Figure Skating - Winter Olympics Day -1

Mixed first day for U.S. in team figure skating

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The first day of the inaugural Olympic team figure skating competition in Sochi wasn’t ideal for Team USA.

Jeremy Abbott finished seventh after a short program that saw him fall on the opening jump. On the other end of the spectrum, Yuzuru Hanyu scored a 97.98 in his short program to earn first place and ten points overall for Japan, while Russian hero Yevgeny Plushenko finished second with a score of 91.39 – much to the delight of the home crowd, who ate up the performance from the 2006 Olympic champion.

MORE: Even in second, Plushenko owns first night of team competition

With Abbott’s rough outing, the pressure was firmly on the pairs duo of Marissa Castelli and Simon Shnapir (pictured) to make up ground for the Americans. They managed to earn a season-best score of 64.25 despite a bobble on side-by-side triple Salchows and finished fifth. The reigning world pairs champions, Russia’s Tatiana Volosozhar and Maxim Trankov, finished first by a margin of more than 10 points over Canada’s Meagan Duhamel and Eric Radford.

WATCH: Jeremy Abbott struggles during his program

After two events, Russia sits atop the overall team standings while the U.S. is in a three-way tie for fifth place alongside France and Germany. The competition continues on Saturday morning with the women’s short programs, short dance, and pairs’ free skate. Once all short programs are completed, only the top five teams will advance to the free skate portion.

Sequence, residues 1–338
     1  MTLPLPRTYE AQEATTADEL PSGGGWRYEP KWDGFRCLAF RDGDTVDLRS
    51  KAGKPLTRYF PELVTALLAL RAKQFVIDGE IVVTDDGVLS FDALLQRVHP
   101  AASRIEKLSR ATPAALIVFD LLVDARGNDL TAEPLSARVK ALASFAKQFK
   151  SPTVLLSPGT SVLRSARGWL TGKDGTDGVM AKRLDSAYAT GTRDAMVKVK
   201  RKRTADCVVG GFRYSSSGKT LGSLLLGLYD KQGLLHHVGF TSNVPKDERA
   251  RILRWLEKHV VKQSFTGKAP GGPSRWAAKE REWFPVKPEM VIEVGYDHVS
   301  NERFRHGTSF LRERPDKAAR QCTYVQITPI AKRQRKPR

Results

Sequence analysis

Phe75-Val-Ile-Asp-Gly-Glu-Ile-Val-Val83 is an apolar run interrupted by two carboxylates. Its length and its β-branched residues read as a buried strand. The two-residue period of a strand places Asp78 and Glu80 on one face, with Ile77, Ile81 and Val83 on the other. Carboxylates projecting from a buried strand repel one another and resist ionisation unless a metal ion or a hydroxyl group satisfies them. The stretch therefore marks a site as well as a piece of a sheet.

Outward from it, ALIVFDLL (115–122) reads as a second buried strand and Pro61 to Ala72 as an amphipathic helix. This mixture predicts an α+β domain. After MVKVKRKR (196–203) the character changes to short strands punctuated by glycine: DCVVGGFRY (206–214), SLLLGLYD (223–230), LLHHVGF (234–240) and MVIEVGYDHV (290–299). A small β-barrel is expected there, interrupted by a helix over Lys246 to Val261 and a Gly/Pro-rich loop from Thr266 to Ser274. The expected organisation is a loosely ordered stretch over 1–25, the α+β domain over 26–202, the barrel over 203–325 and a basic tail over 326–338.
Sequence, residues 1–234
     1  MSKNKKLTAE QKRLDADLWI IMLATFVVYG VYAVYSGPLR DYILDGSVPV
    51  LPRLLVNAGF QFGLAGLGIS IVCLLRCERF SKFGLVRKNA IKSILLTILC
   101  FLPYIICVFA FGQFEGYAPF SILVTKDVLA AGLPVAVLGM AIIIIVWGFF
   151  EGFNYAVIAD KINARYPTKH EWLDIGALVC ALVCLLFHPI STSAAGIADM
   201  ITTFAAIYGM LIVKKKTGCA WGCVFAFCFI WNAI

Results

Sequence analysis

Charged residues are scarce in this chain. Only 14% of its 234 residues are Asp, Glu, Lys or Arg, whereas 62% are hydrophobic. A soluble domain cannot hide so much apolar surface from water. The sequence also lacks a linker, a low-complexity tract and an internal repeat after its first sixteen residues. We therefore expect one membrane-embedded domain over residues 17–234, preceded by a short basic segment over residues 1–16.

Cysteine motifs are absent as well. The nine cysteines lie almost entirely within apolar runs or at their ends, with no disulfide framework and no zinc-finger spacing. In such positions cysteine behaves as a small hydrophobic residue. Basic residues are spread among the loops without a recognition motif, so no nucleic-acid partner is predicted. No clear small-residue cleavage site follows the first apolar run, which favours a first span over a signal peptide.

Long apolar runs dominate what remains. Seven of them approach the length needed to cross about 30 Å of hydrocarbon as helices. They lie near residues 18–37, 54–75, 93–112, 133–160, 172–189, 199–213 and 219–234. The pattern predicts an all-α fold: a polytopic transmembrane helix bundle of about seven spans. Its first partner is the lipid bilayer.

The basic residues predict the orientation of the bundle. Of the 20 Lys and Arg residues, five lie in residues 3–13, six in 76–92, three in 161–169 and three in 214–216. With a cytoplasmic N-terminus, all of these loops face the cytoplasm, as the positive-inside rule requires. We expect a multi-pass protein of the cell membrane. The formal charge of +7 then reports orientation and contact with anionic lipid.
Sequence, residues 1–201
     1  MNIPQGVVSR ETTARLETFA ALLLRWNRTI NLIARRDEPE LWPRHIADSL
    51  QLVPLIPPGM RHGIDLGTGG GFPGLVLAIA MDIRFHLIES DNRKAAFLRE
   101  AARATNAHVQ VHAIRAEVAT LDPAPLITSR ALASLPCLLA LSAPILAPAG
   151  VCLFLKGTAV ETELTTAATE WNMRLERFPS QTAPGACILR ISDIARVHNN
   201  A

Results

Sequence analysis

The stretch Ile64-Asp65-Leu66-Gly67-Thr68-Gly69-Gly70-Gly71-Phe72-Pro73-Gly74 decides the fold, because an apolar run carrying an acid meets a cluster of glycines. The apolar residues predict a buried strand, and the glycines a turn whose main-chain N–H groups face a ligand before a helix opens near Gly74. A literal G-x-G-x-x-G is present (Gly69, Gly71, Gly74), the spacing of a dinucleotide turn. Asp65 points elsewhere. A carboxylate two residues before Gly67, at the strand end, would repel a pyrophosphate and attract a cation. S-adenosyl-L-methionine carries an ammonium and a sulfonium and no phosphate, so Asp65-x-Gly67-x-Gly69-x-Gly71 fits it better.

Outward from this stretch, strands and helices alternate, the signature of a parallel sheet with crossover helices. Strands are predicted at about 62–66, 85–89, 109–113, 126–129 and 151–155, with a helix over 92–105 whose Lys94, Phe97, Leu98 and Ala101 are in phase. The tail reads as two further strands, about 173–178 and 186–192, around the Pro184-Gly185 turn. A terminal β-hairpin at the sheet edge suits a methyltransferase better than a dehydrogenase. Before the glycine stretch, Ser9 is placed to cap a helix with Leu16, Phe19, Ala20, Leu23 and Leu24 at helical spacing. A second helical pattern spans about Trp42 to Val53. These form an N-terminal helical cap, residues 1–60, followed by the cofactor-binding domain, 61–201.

TEAM FIGURE SKATING – STANDINGS (AFTER TWO EVENTS)

1. Russia – 19
2. Canada – 17
3. China – 15
4. Japan – 13
T-5. Germany – 10
T-5. France – 10
T-5. United States – 10
8. Italy – 8
9. Ukraine – 5
10. Great Britain – 3

IOC sanctions 3 boxers for betting on fights at Rio Olympics

GLASGOW, SCOTLAND - AUGUST 02:  Gold medalist Michael Conlan of Northern Ireland celebrates after the Men's Bantam (56kg) Final at SSE Hydro during day ten of the Glasgow 2014 Commonwealth Games on August 2, 2014 in Glasgow, Scotland.  (Photo by Alex Livesey/Getty Images)
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LAUSANNE, Switzerland (AP) — The IOC has sanctioned three boxers – two from Ireland and one from Britain – for betting on fights at the Olympics in Rio de Janeiro.

The International Olympic Committee issued “severe reprimands” to Ireland’s Michael Conlan and Steve Donnelly and Britain’s Antony Fowler for violating the rules that prohibit betting.

None of the boxers won medals.

The IOC says all three placed bets on fights at the games, but adds that “there was no intent to manipulate any event.”

Athletes and officials are banned from betting on Olympic events and required to report any approach or suspicion of fixing.

The IOC says, in order to be eligible to compete in the 2020 Tokyo Olympics, the three boxers must undergo an “educational program.”

The Irish and British national Olympic committees also received reprimands for “not having properly informed” their athletes of the betting rules.